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Are Ambitious Parts Of Democrats’ Agenda Good For Democracy … Or Just The Democratic Party?

Welcome to FiveThirtyEight’s politics chat. The transcript below has been lightly edited.

sarah (Sarah Frostenson, politics editor): With unified control of the White House and Congress, Democrats are pushing a number of sweeping legislative priorities, from an expansive voting-reform bill to weakening the filibuster to now possibly adding (or at least studying the possibility of adding) more justices to the Supreme Court.

What it means when Democrats talk about packing the Supreme Court

This raises a number of questions about the Democrats’ ambitious agenda, including:

  1. Is it good for democracy? 
  2. Is it good for Democrats?
  3. Does it stand any chance of happening?

Let’s start with the commission Biden has created to study adding seats to the Supreme Court or setting term limits for justices. Is that good for democracy?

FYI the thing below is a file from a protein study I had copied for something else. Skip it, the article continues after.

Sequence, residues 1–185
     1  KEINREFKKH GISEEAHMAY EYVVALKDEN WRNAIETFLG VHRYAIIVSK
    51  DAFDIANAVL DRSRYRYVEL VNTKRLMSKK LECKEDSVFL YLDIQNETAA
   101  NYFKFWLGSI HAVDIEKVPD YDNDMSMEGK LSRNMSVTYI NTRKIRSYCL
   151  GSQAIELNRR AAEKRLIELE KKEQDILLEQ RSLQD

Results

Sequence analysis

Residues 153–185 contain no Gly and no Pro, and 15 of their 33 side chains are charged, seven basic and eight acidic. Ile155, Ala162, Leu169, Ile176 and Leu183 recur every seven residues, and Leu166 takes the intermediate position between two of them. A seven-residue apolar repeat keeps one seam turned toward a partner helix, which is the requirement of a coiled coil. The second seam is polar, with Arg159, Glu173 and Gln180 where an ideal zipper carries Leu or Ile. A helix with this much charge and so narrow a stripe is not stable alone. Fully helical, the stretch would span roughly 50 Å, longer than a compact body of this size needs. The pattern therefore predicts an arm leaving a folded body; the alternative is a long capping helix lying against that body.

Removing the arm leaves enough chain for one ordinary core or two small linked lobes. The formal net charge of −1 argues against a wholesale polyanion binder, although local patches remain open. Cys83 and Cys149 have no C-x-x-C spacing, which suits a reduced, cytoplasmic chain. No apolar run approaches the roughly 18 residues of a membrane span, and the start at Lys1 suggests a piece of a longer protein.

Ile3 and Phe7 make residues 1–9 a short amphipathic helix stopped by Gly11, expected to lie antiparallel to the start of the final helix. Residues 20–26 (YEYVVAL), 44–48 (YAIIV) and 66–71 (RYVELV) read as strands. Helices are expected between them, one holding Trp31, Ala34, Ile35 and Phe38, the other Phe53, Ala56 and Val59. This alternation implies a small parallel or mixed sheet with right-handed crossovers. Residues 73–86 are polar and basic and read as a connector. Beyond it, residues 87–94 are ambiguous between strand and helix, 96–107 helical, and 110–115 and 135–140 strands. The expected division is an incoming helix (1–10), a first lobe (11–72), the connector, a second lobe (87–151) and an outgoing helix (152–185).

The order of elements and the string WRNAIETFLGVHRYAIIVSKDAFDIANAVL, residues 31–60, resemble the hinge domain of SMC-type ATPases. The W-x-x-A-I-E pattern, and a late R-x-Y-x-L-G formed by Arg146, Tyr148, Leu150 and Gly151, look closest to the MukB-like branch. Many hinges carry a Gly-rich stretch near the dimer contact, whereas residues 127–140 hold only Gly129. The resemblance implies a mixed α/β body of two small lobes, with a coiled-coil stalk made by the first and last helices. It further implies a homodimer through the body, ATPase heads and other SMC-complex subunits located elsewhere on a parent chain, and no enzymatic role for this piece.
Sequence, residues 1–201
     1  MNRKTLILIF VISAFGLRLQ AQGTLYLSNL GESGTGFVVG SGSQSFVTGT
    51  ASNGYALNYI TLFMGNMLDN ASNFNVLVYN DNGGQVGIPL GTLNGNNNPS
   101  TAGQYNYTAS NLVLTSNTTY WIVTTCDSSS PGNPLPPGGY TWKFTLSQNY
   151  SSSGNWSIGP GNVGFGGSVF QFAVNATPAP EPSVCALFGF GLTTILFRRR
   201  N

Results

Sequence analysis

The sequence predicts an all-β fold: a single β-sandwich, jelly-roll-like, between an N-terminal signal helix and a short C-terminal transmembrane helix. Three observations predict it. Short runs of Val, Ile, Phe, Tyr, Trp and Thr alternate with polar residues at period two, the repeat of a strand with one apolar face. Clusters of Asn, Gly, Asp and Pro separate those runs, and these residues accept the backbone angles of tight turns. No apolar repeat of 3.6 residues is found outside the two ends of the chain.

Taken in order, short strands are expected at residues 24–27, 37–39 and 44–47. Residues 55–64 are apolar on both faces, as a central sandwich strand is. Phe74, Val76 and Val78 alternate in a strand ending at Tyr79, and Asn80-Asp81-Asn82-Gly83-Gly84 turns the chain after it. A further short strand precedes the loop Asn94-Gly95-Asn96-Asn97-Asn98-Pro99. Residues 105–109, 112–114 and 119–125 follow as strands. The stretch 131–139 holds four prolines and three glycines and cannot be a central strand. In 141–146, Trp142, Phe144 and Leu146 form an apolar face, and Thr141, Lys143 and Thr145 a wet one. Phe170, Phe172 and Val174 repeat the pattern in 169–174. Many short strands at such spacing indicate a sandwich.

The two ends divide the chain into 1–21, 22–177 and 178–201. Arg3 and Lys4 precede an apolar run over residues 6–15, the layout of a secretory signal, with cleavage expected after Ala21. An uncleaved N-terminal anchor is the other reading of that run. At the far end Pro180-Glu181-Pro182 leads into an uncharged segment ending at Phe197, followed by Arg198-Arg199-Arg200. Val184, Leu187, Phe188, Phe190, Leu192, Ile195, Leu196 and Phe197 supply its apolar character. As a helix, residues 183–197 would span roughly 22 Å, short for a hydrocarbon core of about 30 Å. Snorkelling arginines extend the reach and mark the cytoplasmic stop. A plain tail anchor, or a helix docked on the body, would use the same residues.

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lee.drutman (Lee Drutman, senior fellow at New America and FiveThirtyEight contributor): The Supreme Court has a growing legitimacy problem, which it’s had for a few years now. Trust in the court has been waning, too. The easiest solution is for the court to stop being the arbiter of thorny democracy and culture-war issues, but to do that, you have to fix the deeper problems of hyper-partisanship.

At the very least, the court should not be a deeply anti-majoritarian institution. (There is a 6-3 conservative majority on the court, even though Republicans have only won the popular vote for the president once in the last eight elections and have represented a majority of Americans in the Senate just once in the last 40 years.)

Some alternative arrangement of the court, then, would be better for the health of our democracy. Term limits make a lot of sense, but they’re not going to do a ton on their own, especially in the near term. That said, I don’t see “packing” as a productive solution. It only further delegitimizes the court.